How to market your small hair salon

Here, Rob Straathof looks at the ways in which to generate interest online in a local salon.

Hair salons have historically been very ‘local’ businesses, in the way that they rely on word of mouth from their loyal clients to build business. Nowadays, businesses have the opportunity to branch out past the town border and access a wider range of potential clients using a range of online tactics. Here’s what you could try in 2016 to get more bookings.

1. Vlogging

When you hear the word YouTube does your mind automatically jump to images of cute kittens or stupid pranks? If so, remove this image straight away. YouTube has become a powerful business tool that needs to be utilised.

A 2015 study by Usurv found that consumers are more likely to share (39 per cent), comment (36 per cent) and ‘like’ (56 per cent) an online video than they are a text article.

Unlike many businesses, hair salons have access to fresh content on a daily basis, just by doing their job. How-to videos are one of the most popular types of media on the internet, with more and more people looking to ‘DIY’ from the comfort of their homes.

Simply upload a ‘How to recreate this hairstyle’ video and use the description to add a link to your company’s website or alternatively embed the video on your website’s blog. Videos will increase brand awareness and give you fantastic social content.

2. Blogging

Although videos receive more engagement than text articles, it is still vital for brands to have an up-to-date blog on their website. Partially because of SEO, particularly local listings, but also to use as an outlet to promote business services, share news and increase website traffic.

A blog gives visitors that are already aware of your brand the opportunity to explore the website past the numbers and engage with the brand’s material, perhaps even learn something or book; those that don’t already know the brand are more likely to find you through the blog posts you or your clients share on social media and those that appear in search results.

3. Social media

Social media, although having been around for quite a few years now, is still a relatively new, and somewhat scary, concept for SMEs. It can be difficult for brands to successfully engage on social media, being that it is a more personal than commercial platform; however it is an essential tool that brand’s must get behind in 2016 if they haven’t already.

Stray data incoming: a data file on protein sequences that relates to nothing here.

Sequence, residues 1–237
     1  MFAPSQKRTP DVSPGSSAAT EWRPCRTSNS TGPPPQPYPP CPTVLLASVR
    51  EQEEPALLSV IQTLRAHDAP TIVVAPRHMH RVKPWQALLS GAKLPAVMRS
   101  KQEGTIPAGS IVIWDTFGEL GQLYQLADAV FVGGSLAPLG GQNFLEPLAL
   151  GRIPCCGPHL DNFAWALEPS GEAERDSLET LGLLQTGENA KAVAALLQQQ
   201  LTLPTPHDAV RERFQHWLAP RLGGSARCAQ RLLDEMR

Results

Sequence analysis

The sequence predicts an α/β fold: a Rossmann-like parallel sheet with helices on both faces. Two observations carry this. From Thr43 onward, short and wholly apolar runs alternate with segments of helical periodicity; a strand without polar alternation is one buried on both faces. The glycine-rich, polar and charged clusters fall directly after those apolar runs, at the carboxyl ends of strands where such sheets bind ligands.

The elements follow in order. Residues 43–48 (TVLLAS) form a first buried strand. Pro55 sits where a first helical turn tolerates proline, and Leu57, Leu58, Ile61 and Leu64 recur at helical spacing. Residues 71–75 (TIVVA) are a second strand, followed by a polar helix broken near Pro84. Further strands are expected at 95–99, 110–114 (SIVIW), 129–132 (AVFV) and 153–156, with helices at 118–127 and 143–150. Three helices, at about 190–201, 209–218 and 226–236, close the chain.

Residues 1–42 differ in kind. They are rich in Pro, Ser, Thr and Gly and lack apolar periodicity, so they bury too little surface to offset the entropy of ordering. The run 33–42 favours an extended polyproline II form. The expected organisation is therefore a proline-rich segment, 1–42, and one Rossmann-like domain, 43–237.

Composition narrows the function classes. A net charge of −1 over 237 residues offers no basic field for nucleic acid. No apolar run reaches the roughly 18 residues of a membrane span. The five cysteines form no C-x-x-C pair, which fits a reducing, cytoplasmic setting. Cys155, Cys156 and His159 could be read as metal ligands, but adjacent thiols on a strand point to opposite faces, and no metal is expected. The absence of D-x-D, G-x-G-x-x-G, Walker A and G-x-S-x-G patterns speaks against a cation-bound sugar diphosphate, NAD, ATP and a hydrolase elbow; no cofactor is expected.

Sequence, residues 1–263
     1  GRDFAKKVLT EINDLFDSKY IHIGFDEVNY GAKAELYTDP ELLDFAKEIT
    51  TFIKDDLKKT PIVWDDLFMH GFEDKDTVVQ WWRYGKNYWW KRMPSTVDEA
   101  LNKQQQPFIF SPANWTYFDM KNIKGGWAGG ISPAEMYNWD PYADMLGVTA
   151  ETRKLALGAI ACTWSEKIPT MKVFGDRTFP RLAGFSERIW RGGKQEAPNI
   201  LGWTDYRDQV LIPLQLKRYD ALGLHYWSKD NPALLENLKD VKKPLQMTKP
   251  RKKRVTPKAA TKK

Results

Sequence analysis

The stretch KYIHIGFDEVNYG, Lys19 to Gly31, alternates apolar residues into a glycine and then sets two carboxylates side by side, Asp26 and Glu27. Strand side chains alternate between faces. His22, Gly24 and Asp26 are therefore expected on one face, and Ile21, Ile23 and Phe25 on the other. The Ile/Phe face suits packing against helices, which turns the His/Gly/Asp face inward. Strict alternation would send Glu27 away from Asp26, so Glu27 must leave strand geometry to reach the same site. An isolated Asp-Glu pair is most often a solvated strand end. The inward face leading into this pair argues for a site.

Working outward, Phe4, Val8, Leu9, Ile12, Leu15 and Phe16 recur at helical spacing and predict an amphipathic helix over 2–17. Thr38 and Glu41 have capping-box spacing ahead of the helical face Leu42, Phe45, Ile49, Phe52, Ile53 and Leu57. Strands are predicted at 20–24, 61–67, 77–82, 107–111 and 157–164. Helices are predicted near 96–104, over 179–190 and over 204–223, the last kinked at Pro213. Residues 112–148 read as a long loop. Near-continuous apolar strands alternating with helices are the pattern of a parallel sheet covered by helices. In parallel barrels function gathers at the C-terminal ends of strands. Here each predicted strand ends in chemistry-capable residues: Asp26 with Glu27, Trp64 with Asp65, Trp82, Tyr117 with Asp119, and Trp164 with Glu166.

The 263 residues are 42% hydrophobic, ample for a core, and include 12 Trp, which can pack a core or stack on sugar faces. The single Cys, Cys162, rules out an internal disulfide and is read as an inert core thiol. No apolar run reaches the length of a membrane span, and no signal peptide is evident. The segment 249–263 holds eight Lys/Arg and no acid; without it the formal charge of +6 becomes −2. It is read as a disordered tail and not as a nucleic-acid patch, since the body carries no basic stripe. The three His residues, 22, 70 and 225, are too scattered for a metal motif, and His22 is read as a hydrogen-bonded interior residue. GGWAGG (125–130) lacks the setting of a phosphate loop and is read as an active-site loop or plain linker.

Hair salons have heaps of fresh, engaging content they can share on social, it just takes a little work and routine to get it right. Introduce before and after images into every client’s booking.

They will appreciate being able to visually see the change and you have a fantastic set of images ready for social (just make sure you ask their permission before posting them!).

It is also an additional platform for you to share news, blog posts and videos.

Why not try Instagram? Many businesses, being less visual, struggle to successfully run an Instagram account (nobody wants to see another Costa cup in a commute post!). Hair salons have access to an abundance of visual content, such as; the before and after images, event and product images, to name a few, that would engage when used alongside popular hashtags.

You could also mention (@) hair brands, such as @Olaplex and @Redkenuk to gain more interaction.

Where? Put the terms and conditions on your salon’s blog, together with a description of the competition and the prize on offer. Each social post from the brand’s account that is about the competition should have a link to the blog post (terms and conditions).

The results? The competition will gain traction on social with every entrant having to share the post. Once a winner is chosen they will then come into the salon and get their hair done, social activity will support this event (before and after images, a picture of the winner with the stylist etc.) which the winner will want to share. Before they leave they will have the two cards which hopefully will be given to two new people bringing them in. The salon gains three new clients and a ton of new social followers.

This is the best case scenario, worst case you only get regular clients who like your social accounts sharing the competition, but even this activity is increasing brand awareness, so what have you got to lose?

If you’re struggling to keep track of entries, use competition software such as WooBox. It is relatively cheap and will make the process stress free.

5. Guest posting

Guest posting is still a relevant tactic to increase brand awareness, drive traffic to your site and social channels and potentially more customers. Hair stylists have a broad range of knowledge that they can turn into articles and share with several outlets, for example:

Beauty/hair bloggers: Beauty bloggers will often include posts about hair in their blog, usually product reviews etc. If you can offer them something interesting and factual, from an expert point of view, it would benefit them as much as it would you. Posts such as ‘why professional colour is better than box dyes’ and ‘the real reason you shouldn’t use generic shampoo’.

Hair magazines: Both trade and commercial can be approached. Online trade publications could potentially be offered articles that contain salon design tips, business tips and other salon business related articles. Commercial hair publications can be offered how-to articles and expert advice (perhaps offer yourself as an online expert columnist)

Further reading on setting up a company

Ben Lobel

Ben Lobel

Ben Lobel was the editor of from 2010 to 2018. He specialises in writing for start-up and scale-up companies in the areas of finance, marketing and HR.

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